The philosophical appeal of Marxism was and is, for the handful of fools who still cling to it, its claim to absolute, scientific truth. Similarly, Nazism asserted as a scientific fact the superiority or inferiority of certain races. These totalitarian ideologies allowed for no dissent because the truth had been proven.

You see precious little relativism in Communist or fascist regimes. They created absolute leaders to embody and enforce the maintenance of their truths. And they believed in the conflation of such truths with all political life, the abolition of autonomy and conscience.

In structure, they were and are very close to the structure of a decayed version of Catholicism that asserts one version of the truth, suppresses any and all open discussion of such truths within its power, and elevates a cult-like leader and mass demonstrations to reinforce its propaganda. Querulous, brave and ornery dissent - dissent designed not to obscure the truth but to understand it better - is quashed.
[T]he structure of a blind, authoritarian and rigid Ratzingerian faith is very close to the blind, authoritarian and rigid secular totalitarianisms of the recent past. Which is why some former communists have now become the firmest supporters of a Ratzingerian-style faith. They have swapped public political totalitarianism for a private religious one. And like their totalist fellows, their inability to persuade others merely convinces them further of their own truth.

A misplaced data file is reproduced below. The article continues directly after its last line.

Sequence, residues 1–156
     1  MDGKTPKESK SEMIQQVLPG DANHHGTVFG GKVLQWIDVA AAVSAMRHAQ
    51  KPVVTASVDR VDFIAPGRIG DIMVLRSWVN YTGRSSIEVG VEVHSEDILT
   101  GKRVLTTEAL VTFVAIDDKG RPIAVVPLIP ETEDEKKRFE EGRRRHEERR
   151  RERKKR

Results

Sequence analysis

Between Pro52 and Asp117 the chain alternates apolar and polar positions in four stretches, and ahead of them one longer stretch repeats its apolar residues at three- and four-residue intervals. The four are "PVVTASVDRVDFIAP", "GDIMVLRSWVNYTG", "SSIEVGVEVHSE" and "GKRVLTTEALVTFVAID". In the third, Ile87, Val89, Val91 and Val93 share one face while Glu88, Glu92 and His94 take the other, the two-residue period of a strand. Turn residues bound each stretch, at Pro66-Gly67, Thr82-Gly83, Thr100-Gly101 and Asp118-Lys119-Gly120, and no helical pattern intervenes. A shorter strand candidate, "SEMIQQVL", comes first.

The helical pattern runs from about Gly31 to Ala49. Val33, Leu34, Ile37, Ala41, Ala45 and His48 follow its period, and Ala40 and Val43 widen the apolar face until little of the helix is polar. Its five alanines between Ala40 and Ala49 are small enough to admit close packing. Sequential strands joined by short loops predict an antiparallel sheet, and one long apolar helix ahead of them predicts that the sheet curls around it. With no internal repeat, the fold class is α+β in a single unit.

Their references are never outside their own thought-system, and all fall conveniently back on the pronouncements of the supreme leader, who alone controls truth and thought. When pressed, they assert that history and nature will prove them right. "We will out-breed you!" they proclaim, in a horrifying echo of a eugenic mandate.

Novak, I think, therefore gets things exactly the wrong way round. The alternative to relativism is the difficult process of reason, informed by faith. But that process cannot take place in Ratzinger's Catholic church, because free thought is forbidden....

This, in turn, brought a response from Jonah Goldberg [here].

Of course the notion that morality is contingent on context is central to Nazi philosophy. Johann Gottfried Herder, the intellectual father of Volkish nationalism (but a decent guy), argued that morality is geopgraphically and ethnically specific. When Alfred Baeumler adpated Nietzsche to the Nazi cause much of his argument hinged on the notion that Christianity wasn't a "universal" faith but a "Mediterreanean religion of salvation" which was entirely "alien to and far removed from [Nietzsche's] Nordic attitude."